with Craig Purshouse
Talk Title: ‘Critical Reflections on the ‘Reasonable Patient’
Abstract: A doctor will breach their duty of care to a patient if they fail to warn them about the material risks in, and reasonable alternatives to, proposed treatment. In the United Kingdom, the decision in Montgomery v Lanarkshire Health Board  UKSC 11 developed the law so that a doctor’s standard of care is now assessed from the perspective of the reasonable (or particular) patient as opposed to that of the reasonable doctor. This case is widely regarded as one of the most important tort cases in recent decades and the change in approach has been warmly received in academic circles as a victory for patient rights. This paper will draw upon research about judicial politics and diversity to critically reflect upon how the ‘reasonable patient’ has been characterised by judges. It will argue that, although there were problems with the reasonable doctor standard, the reasonable patient standard has a number of shortcomings that have been overlooked (e.g. allows greater scope for judicial politics to intrude into the characterisation of the ‘reasonable patient’). This could have negative consequences for health care practice and the coherence of negligence law.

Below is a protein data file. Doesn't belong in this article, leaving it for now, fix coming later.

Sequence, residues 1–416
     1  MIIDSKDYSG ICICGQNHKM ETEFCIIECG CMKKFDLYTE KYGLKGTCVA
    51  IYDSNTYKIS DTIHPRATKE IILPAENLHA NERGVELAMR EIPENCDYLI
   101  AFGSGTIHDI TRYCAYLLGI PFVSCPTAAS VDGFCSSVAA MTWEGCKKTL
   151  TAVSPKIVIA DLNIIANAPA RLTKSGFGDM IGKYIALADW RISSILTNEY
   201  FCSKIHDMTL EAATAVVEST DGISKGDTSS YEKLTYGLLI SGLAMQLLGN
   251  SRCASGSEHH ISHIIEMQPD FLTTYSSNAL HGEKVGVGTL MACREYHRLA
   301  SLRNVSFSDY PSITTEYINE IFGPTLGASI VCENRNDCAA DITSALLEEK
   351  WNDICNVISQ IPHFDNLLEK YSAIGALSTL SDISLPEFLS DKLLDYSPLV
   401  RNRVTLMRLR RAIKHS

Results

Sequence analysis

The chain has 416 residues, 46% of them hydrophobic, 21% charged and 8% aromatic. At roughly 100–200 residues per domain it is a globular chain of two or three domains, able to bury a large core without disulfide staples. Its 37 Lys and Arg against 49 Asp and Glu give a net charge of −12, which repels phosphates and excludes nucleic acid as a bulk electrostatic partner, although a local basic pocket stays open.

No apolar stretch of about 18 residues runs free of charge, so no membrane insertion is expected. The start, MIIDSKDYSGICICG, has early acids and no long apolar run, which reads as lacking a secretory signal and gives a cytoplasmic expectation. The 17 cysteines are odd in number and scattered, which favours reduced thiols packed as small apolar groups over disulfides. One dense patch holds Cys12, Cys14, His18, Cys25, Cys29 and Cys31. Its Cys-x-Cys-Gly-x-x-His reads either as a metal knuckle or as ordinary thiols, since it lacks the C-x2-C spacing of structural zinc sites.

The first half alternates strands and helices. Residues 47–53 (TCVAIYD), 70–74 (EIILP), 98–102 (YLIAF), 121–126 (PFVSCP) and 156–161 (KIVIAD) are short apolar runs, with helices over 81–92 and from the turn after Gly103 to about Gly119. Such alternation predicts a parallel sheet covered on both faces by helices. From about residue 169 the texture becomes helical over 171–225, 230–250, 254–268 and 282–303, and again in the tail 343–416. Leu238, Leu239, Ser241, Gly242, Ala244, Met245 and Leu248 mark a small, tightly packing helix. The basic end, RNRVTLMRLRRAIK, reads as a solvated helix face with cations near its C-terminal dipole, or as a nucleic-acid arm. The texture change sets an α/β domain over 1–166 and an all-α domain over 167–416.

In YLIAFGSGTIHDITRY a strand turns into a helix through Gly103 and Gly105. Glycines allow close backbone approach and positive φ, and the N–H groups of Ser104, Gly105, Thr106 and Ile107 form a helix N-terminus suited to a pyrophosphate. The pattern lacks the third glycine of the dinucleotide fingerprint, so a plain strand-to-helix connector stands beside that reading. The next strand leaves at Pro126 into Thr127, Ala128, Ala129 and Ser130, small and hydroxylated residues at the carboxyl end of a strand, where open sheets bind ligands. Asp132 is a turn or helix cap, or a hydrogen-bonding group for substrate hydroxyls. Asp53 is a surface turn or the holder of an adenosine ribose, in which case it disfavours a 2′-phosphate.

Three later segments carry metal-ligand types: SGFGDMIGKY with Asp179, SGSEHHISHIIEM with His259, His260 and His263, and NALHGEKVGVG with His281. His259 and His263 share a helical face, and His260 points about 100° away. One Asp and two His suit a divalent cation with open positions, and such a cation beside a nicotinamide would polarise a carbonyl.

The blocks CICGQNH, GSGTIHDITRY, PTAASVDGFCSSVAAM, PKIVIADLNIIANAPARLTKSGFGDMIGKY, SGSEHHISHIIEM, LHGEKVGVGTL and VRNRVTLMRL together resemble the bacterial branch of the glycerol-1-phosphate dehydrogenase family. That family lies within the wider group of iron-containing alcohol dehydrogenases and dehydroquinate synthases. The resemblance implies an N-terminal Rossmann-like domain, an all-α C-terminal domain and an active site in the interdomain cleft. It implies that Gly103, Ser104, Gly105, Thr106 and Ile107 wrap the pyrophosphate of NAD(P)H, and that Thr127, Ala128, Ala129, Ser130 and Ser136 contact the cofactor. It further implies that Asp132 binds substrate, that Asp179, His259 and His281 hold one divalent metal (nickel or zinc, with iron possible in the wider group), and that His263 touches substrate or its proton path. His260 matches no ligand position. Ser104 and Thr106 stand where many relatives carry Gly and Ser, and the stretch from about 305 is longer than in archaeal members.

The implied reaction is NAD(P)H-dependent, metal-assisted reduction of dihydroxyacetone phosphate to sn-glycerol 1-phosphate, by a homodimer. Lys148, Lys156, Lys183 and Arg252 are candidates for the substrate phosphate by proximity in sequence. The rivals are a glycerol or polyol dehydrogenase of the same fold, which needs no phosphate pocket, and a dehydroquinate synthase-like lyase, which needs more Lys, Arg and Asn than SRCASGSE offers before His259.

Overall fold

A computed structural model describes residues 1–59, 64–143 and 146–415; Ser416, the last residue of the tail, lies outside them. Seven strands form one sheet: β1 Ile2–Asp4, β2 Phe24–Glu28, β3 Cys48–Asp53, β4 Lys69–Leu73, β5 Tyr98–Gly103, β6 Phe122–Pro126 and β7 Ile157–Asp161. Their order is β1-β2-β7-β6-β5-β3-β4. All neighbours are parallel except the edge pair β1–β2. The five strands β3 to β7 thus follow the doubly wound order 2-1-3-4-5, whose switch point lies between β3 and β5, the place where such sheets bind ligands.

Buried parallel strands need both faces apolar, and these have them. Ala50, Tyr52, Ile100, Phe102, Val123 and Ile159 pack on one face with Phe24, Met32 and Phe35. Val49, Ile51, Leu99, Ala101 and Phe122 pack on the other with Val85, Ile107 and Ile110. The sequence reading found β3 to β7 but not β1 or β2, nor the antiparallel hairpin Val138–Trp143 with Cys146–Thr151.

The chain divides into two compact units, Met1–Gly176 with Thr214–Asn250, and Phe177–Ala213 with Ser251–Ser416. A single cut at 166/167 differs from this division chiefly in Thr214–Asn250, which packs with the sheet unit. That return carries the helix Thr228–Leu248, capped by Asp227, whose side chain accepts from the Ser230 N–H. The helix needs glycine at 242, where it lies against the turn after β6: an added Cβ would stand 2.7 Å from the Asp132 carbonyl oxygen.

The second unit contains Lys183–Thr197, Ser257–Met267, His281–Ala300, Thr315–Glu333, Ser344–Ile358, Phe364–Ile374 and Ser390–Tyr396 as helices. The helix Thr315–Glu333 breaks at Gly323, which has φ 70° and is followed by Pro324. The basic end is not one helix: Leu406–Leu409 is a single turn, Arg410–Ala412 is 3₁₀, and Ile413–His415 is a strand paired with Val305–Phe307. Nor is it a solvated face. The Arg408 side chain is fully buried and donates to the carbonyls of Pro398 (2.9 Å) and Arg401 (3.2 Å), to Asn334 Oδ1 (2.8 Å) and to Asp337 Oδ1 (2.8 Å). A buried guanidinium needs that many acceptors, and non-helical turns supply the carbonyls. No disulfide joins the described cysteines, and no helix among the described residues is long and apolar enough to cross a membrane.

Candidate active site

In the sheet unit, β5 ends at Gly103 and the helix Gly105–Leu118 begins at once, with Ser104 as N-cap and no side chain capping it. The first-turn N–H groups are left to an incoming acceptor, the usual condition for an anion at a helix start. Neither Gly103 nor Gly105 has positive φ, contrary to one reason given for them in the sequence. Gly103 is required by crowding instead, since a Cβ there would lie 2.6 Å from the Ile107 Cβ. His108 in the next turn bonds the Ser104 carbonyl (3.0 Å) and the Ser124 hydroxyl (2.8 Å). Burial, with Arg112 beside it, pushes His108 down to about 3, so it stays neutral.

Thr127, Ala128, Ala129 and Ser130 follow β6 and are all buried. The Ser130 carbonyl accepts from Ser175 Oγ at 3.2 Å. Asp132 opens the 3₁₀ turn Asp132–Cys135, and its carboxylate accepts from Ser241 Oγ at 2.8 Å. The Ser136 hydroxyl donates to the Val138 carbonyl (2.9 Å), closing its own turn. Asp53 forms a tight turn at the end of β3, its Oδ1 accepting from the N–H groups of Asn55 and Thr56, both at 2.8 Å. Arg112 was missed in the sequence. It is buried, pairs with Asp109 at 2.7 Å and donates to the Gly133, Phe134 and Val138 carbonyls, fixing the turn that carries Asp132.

Speaker’s Short Bio
Dr Craig Purshouse is a Lecturer in Law at the University of Leeds. His research interests are in torts law and medical law. He is a member of the Editorial Board of the Medical Law Review and his research has been cited by the Court of Appeal of Singapore and the United Kingdom Supreme Court.
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